Myrtle, a name which, with or without a prefix, is given to several widely different plants, but properly belonging to myrtus communis, an evergreen shrub of the Mediterranean region, which is the type of a very large and important order, the myrtacem. The myrtle family consists of trees or shrubs, with simple, entire, mostly aromatic leaves, which are marked by pellucid or resinous dots, and are without stipules; the flowers are perfect, the calyx tube adherent to the ovary, and the petals and numerous stamens borne upon the throat of the calyx tube or upon a disk which borders it; the fruit a berry or capsule; seeds without albumen. This family abounds in the tropics and the southern hemisphere; a few species belonging to the genera are found in southern Florida. Among the important plants and products of this family are the clove, allspice, guava, cajeput, rose apple, Brazil and Sapucaya nuts, and the gigantic and useful eucalyptus trees of Australia. The common myrtle is a shrub, which even in favorable situations does not exceed 20 ft. in height, with opposite shining leaves and axillary peduncles, each bearing a single white or rose-tinged flower, which is succeeded by a several-seeded berry.
The plant, having been so long in cultivation, presents numerous varieties differing in the size and shape of their leaves and color of the fruit; the latter is naturally black, but there are white-berried varieties, as well as those with their leaves striped and spotted with white or yellow markings. In England the myrtle is barely hardy in the southern counties, and in our northern states it is only seen as a pot plant, or grown in tubs to decorate the grounds in summer, and removed to the cellar or a pit for the winter. In those southern localities where the camellia and Cape jasmine live without protection the myrtle is hardy. As with many other plants known to the ancients, there are numerous legends attaching to the myrtle; it was sacred to Venus, and the temples of that goddess were surrounded by groves of myrtle; wreaths of it were worn by the Athenian magistrates as symbols of authority, and the victors in the Olympic games were crowned with it. The buds and berries were formerly used to flavor many dishes, and they had a reputation for medicinal properties, the aromatic berries and other portions of the plant being tonic and stimulant. The Tuscans used the plant in the preparation of a wine called myrtirfanum. At present the chief use of the myrtle is in perfumery.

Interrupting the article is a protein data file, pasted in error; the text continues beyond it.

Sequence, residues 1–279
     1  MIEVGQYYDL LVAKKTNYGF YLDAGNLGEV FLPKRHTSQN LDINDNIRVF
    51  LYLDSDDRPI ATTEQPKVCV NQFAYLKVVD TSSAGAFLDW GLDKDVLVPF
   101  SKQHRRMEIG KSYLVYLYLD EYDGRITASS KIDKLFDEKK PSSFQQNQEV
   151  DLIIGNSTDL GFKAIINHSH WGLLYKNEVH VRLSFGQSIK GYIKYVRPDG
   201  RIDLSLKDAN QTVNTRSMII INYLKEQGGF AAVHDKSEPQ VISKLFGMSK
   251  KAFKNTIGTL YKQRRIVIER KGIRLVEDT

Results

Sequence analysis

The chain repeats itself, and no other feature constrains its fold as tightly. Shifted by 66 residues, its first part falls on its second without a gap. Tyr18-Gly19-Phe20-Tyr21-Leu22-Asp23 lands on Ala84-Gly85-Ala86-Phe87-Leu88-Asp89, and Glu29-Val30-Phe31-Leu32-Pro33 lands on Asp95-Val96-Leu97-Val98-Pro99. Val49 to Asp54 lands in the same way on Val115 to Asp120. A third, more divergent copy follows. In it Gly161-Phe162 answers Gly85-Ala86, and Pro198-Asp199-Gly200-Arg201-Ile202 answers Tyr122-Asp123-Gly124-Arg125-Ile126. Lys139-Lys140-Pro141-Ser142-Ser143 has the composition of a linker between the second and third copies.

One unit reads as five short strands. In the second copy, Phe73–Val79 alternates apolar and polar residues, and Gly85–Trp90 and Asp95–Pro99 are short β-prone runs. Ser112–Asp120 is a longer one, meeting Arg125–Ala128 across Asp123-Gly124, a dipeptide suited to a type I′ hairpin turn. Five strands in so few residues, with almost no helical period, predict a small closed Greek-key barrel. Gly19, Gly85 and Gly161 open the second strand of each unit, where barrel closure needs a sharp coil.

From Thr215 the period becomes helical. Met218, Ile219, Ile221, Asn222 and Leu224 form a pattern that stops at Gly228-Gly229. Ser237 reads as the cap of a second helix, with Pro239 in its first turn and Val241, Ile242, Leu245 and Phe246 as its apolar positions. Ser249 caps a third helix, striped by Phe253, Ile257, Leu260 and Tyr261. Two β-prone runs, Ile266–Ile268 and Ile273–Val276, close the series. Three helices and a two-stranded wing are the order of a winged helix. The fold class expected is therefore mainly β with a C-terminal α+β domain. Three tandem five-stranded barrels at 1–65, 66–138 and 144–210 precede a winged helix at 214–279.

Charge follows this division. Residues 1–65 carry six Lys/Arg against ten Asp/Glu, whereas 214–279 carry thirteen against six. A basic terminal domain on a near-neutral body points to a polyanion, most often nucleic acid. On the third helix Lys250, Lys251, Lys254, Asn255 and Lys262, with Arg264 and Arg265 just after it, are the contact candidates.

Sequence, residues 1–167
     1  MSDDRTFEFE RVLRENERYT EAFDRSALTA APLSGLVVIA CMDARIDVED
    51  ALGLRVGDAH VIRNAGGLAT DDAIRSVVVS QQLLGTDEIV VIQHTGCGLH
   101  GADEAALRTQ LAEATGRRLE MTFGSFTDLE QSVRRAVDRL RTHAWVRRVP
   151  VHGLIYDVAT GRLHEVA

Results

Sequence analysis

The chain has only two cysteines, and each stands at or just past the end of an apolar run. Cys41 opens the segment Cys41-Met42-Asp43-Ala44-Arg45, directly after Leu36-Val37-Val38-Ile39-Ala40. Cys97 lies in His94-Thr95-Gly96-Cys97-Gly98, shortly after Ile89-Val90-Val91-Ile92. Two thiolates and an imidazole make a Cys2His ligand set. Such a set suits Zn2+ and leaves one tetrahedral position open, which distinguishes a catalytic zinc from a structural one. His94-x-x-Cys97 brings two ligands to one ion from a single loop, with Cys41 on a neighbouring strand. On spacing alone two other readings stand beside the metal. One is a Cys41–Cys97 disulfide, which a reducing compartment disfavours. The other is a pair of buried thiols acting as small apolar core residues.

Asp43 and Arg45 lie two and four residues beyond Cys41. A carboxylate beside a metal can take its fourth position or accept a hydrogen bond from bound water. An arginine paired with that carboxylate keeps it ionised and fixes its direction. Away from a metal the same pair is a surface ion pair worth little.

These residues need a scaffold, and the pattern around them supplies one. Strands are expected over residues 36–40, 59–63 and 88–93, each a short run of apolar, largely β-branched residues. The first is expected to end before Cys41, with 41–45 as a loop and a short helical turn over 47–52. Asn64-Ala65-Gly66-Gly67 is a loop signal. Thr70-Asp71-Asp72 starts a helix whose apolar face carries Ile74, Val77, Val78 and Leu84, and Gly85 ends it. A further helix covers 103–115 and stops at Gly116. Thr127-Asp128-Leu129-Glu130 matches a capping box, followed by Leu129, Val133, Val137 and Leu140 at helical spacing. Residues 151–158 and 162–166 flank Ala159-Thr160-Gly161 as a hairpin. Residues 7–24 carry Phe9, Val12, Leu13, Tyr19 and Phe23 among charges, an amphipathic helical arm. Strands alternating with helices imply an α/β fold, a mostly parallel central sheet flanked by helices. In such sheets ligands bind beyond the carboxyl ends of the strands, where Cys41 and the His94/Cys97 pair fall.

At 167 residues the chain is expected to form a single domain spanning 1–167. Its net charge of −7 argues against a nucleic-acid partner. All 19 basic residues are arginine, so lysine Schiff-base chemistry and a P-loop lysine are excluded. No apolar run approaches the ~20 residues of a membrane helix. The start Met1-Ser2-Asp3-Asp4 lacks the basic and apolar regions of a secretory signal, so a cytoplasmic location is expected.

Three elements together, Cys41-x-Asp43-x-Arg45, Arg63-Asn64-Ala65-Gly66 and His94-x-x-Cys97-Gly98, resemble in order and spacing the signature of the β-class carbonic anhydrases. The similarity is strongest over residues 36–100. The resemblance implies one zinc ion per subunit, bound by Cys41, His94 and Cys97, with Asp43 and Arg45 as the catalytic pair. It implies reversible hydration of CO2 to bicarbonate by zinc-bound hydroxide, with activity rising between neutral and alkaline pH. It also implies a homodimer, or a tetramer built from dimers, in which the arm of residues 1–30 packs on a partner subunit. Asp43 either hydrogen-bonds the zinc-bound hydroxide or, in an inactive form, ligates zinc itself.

Eau d'ange is a very fragrant astringent water, distilled from the flowers; the leaves mixed with other aromatics are used for sachet powders. The wood is hard and handsomely mottled, but its use is confined to small articles of turnery. Bay rum owes its peculiar fragrance to a volatile oil obtained from the leaves of myrcia acris, a West Indian plant of this family. The myrtle is readily propagated from cuttings of the just hardening young shoots. - The plant known in this country as myrtle or running myrtle belongs to a very different family. (See Periwinkle.) The candleberry or wax myrtle is myrica cerifcra. (See Baybeery.) Sand myrtle is leiophyllum buxifolium, a pretty low shrub of the heath family, found in the pine barrens of New Jersey and southward. - Crape myrtle is the common name for Lagerstrce?nia Indica, a shrub largely planted for ornament in Virginia and southward. It does not belong to the myrtles proper, but to the loosestrife family (lythraceoe). It is a much-branched shrub, 6 to 10 ft. or more high, with smooth, oval, opposite leaves, and large panicles of showy flowers; the petals are upon slender claws, and are waved and crimped in such a manner as to give them an exceedingly beautiful appearance, and to suggest the fabric known as crape; the stamens, which are in long silky tufts, add to the beauty of the flowers.
The usual color of the flowers is a pale rose, but recently a white and several very dark-colored varieties have been introduced. The plant is a native of the East Indies, and the genus was named in honor of Lagerstrom, a Swedish naturalist. In northern localities it may be grown as a tub plant with a treatment like that of the oleander.
Common Myrtle (Myrtus communis).
Crape Myrtle (Lagerstroemia Indica).